Fur Trade Stories   Teaching Tips
  En Français
  Identity, Culture
& Communities
  The Land: People
& Places
  Historical Connections
  Power & Authority
  Economics & Resources

Search the entire site
Search this time
period only
Fur Trade Stories Timeline
  From 1867 to Present Day
Home >> From 1867 to Present Day >> Historical Connections >> Artifacts

The fur trade influenced the historical development of Canada in a number of ways including: the development and expansion into western and northern Canada; the significance of Canadian place names; the origin and rise of the Métis Nation; the impact of interaction between the First Peoples and the Europeans-and these connections can be found in personal and commercial stories about the people and events of the fur trade.

Image 1
Creator: J.E. Barnett and Sons, London
Year made: 1871
Dimensions: 117.9 cm
Location: The Manitoba Museum; Artifact HBC 2327-B
Copyright Holder: The Manitoba Museum

(M25) Trade Gun

Flintlock-type Hudson’s Bay Company trade musket, made by J.E. Barnett and Sons, London. There is a serpent side plate on the gun. The flintlock firing mechanism consists of a hammer that is fitted with a stone flint, a mainspring, a metal striker (frizzen) and a priming pan.

When the trigger is pulled, the mainspring causes the hammer and flint to strike the metal frizzen, creating a shower of sparks that falls on a small amount of gunpowder that has been placed in the priming pan. This action ignites a charge of gunpowder in the barrel of the musket that in turn fires off the ammunition (lead musket balls).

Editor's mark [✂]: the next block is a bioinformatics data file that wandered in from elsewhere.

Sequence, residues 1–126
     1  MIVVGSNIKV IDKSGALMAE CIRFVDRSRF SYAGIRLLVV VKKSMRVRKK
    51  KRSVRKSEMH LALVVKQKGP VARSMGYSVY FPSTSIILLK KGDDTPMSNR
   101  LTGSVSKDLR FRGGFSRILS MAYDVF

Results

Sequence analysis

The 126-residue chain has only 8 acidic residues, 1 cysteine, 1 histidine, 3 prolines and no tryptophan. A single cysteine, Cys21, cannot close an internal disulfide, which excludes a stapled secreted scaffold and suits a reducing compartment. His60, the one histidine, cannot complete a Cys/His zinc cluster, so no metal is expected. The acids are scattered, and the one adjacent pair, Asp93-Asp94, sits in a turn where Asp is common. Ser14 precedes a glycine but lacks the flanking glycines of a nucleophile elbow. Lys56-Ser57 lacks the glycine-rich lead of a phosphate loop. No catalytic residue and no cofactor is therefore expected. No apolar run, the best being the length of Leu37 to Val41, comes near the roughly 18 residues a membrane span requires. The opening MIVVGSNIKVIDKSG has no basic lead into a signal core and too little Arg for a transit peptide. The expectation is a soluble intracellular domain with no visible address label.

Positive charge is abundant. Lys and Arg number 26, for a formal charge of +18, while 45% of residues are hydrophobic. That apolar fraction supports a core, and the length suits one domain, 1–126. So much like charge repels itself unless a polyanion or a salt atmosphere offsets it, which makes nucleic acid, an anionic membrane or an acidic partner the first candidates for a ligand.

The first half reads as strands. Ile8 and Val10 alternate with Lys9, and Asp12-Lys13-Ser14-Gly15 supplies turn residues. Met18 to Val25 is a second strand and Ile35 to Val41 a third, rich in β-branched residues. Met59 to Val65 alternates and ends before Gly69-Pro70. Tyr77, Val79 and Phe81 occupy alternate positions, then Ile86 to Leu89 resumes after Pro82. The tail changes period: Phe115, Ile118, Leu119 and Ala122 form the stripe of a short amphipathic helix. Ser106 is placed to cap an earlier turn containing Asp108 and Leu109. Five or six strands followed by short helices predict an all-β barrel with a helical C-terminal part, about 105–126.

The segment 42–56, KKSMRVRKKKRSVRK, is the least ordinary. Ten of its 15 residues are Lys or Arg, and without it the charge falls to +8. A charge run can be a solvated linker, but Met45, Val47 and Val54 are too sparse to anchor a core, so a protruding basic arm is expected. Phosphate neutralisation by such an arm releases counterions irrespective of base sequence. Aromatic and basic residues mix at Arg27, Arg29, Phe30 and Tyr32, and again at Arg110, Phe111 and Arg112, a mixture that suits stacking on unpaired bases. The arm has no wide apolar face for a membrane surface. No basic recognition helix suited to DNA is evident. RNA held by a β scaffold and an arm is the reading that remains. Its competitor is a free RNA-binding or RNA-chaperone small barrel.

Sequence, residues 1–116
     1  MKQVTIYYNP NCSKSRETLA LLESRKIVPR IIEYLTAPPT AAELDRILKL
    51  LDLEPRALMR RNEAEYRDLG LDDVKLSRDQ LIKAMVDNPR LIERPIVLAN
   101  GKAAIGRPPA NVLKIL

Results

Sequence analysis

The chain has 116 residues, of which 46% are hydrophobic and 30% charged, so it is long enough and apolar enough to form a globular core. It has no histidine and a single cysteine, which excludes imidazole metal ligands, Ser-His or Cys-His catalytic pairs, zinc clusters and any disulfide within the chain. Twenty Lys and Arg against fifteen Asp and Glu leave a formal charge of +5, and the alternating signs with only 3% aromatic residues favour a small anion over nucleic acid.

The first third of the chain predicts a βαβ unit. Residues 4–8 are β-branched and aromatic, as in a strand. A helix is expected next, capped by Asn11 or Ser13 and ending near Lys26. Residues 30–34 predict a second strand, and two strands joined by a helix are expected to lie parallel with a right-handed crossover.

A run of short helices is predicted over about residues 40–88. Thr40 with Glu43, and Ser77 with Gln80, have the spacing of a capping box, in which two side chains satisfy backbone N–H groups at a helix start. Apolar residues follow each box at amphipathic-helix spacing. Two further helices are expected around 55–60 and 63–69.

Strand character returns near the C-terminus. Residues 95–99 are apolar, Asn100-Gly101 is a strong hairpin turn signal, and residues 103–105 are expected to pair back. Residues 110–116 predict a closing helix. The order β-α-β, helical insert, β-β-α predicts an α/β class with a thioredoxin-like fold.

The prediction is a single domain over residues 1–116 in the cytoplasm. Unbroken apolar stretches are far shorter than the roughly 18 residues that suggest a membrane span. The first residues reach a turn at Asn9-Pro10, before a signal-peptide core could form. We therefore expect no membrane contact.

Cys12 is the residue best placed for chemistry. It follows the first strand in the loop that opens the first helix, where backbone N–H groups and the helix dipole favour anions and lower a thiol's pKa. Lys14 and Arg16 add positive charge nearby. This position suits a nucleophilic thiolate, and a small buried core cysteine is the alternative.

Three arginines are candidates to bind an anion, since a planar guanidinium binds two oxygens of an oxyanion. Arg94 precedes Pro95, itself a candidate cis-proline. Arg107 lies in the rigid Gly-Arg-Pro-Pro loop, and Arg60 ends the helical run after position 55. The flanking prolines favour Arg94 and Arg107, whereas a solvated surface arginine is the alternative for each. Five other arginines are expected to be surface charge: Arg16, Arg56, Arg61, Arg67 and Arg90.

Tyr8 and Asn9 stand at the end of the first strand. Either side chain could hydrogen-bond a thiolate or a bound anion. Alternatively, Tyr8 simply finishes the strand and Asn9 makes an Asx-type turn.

Other Related Material
Read more about hunting - enter 'hunting' in the search box to your left.

Other hunting weapons on this website include: an Inuit bow, a Blackfoot arrow, an Inuit bolas, and a steel trap.

Check the Beaver Index - e.g., HBC Trade Guns, by S. James Gooding, December 1951.

Did You Know?
This musket is a later version of a type that was traded to Aboriginal hunters by the North West and Hudson’s Bay companies from the late 18th century and throughout most of the 19th century.

According to firearms historian S. James Gooding, by 1690 some English gunmakers had turned the French baroque style of loops and scrolls used to decorate the sideplate into a serpent or “dragon” motif.

By the mid-1790s, the brass serpent sideplate had become a standard on British trade guns. Not only did the presence of this sideplate indicate the origin of firearms for Aboriginal traders; it also, according to oral tradition, had spiritual significance for the hunters and ensured successful hunting.

Many of the firearms introduced during the early fur trade period were of inferior quality, and Aboriginal traders often reported their dissatisfaction with them. Some poorly-made firearms also caused severe accidents. In addition, they required repair by a blacksmith located at a post. They were also costly, and supplies of ammunition had to be purchased through trade.

For these reasons, traditional forms of weaponry and hunting equipment continued to be used side by side with firearms, and depending on the circumstances, the guns were less effective than the bow and arrow.